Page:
Ludomusicology Conference Alumni Contribute to New Collection

A new book of essays has been published, featuring a number of contributions on game music.

The Routledge Companion to Screen Music and Sound

The Routledge Companion to Screen Music and Sound

Some of these chapters have been written by scholars who have joined us for the Ludo conference in previous years.

The book is The Routledge Companion to Screen Music and Sound, edited by Miguel Mera, Ronald Sadoff and Ben Winters and published by Routledge. The essays include:

  • ‘Musical Dreams and Nightmares: An Analysis of Flower’ by Elizabeth Medina-Gray (Ludo2013),
  • ‘Music, Genre, and Nationality in the Postmillennial Fantasy Role-Playing Game’ by William Gibbons (Ludo2013 keynote),
  • ‘Drive, Speed, and Narrative in the Soundscapes of Racing Games’ by Karen Collins (Ludo2015 keynote) and Ruth Dockwray, 
  • ‘Simulation: Squaring the Immersion, Realism, and Gameplay Circle’ by Stephen Baysted (Ludo2014 host and conference regular),
  • ‘Dimensions of Game Music History’ by Tim Summers (Ludo regular),
  • ‘Roundtable: Current Perspectives on Music, Sound, and Narrative in Screen Media’, featuring Anahid Kassabian (Ludo2012 keynote and Ludo2013 host) and Roger Moseley (Ludo2017 keynote).

There are also essays by Kevin Donnelly (Ludo2014 keynote and Ludo2016 host) and other essays that include game sound:

  • ‘Emphatic and Ecological Sound in Gameworld Interfaces’ by Kristine Jørgensen (eminent game sound scholar),
  • ‘Idolizing the Synchronized Score: Studying Indiana Jones Hypertexts’ by Ben Winters (Hollywood music specialist and noted film music expert).

The table of contents, listing all 46 chapters, is available on the publisher’s website here.

Congratulations to Miguel, Ron and Ben on their achievement, and for producing a fascinating volume!

Spread the word and tell any interested libraries or other parties.

Thank you for a wonderful Ludo2017: Report & feedback

Thank you once more to everyone who attended, presented, followed, chaired, organised, and otherwise made possible another excellent conference.

We will post a full conference report by an independent delegate in due course. In the meantime, please feel free to submit feedback via the form below. We’d love to hear your thoughts on possible areas for improvement. Comments can be submitted anonymously if preferred.

New Book Series: Studies in Game Sound & Music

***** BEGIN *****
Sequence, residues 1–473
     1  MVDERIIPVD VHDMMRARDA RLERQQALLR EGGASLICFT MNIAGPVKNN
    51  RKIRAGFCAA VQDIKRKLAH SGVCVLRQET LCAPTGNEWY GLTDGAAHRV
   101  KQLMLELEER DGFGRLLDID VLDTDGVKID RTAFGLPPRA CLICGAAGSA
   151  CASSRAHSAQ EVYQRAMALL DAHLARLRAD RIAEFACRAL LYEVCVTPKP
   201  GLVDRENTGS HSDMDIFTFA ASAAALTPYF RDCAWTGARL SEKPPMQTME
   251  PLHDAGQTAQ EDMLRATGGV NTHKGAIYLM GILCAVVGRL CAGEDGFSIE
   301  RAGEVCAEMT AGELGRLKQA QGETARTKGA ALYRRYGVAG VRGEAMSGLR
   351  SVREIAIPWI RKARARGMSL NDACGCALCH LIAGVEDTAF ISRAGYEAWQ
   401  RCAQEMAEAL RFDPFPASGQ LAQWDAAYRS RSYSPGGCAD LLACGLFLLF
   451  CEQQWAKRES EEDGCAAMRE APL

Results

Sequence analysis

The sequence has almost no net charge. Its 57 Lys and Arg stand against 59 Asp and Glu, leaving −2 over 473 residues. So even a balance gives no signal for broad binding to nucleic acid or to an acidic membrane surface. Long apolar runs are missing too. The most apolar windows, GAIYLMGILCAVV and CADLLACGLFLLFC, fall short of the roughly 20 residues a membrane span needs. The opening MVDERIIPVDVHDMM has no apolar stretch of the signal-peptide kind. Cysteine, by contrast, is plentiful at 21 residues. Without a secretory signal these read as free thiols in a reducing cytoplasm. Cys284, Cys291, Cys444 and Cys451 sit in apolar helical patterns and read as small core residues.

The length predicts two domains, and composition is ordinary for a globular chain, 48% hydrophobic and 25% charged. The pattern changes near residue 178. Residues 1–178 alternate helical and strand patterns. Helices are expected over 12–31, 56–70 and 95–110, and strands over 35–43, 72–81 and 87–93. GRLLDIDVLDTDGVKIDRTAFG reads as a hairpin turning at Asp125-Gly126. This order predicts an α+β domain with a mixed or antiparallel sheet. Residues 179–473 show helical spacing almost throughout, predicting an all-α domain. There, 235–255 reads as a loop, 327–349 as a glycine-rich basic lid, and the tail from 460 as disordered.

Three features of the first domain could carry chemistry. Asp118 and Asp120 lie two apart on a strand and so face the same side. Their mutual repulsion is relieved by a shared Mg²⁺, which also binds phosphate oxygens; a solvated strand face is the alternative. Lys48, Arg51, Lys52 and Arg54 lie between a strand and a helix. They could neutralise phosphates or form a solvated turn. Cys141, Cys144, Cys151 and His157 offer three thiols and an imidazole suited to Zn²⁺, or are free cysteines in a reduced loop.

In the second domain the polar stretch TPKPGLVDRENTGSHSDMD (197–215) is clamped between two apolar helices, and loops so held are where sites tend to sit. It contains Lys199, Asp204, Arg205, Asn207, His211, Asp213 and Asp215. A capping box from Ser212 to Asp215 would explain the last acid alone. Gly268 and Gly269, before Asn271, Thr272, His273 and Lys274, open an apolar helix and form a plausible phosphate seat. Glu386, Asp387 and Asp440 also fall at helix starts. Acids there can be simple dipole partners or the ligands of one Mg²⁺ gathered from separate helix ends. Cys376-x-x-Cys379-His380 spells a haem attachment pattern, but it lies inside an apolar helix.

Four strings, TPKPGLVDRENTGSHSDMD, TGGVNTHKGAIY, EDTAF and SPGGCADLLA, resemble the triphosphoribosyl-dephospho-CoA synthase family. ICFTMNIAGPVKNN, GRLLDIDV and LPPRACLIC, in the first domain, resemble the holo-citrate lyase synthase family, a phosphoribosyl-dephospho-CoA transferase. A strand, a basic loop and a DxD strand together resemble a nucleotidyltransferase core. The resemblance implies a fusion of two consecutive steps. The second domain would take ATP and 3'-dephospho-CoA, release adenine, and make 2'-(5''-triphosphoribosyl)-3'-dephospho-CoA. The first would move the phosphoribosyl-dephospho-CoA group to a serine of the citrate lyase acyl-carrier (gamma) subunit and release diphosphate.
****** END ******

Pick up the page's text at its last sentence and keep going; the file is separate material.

Studies in Game Sound and Music, Intellect Academic Publishing

Series Editors: Michiel Kamp, Tim Summers and Mark Sweeney

We’re delighted to announce the launch of a new book series for academic peer-reviewed books presenting high-quality research on video game music and sound.

The series includes both monographs and edited collections. It does not seal game audio into a scholarly suburb, but instead seeks to engage game audio practitioners and researchers from a range of disciplines, including anthropology, computer science, media studies, psychology, sociology, sound studies, as well as musicology.

The books present new research, such as analysis, historical studies, practical investigations and conceptual/theoretical issues. However, they are also designed to support the growing number of graduates and undergraduates who study in this field.

Book types that are suitable for this series include, but are not limited to, books about

  • Particular games or game series (e.g. a book on Final Fantasy games)
  • Specific types of games (e.g. a collection on sound in horror games)
  • Distinct sonic phenomena in games (e.g. a volume on audio in MMORPGs)
  • Cultures surrounding games (e.g. a study of fan cultures about video game music)
  • Histories and interactions with other media (e.g. histories of game audio, projects comparing game and film sound)
  • Conceptual issues and approaches (e.g. investigations into immersion and audio in games, perspectives on alterity and music in games)
  • Particular practices of game audio (e.g. explorations of voices and dialogue recording in games)

The books include conceptual, technical and sonic detail, but remain accessible to those with less formal education. Similarly, the authors are asked to ensure that those less familiar with the game medium are able to follow the arguments. Technological discussions are necessary, but they are explained in plain English and in such a way that the sonic implications are clear. The books are easily readable by advanced undergraduate students.

For further information, refer to the proposal guidelines here, or contact us at ludomusicology@gmail.com.

Registration Open for #Ludo2017

We’re delighted to announce that registration for Ludo2017 is now open!

Details on registration, travel, accommodation and the preliminary programme are on this page here. To go straight to registration, please click the button below!

Register

We look forward to joining you in Bath for what promises to be a really exciting event!

Melanie, Michiel, Tim, Mark

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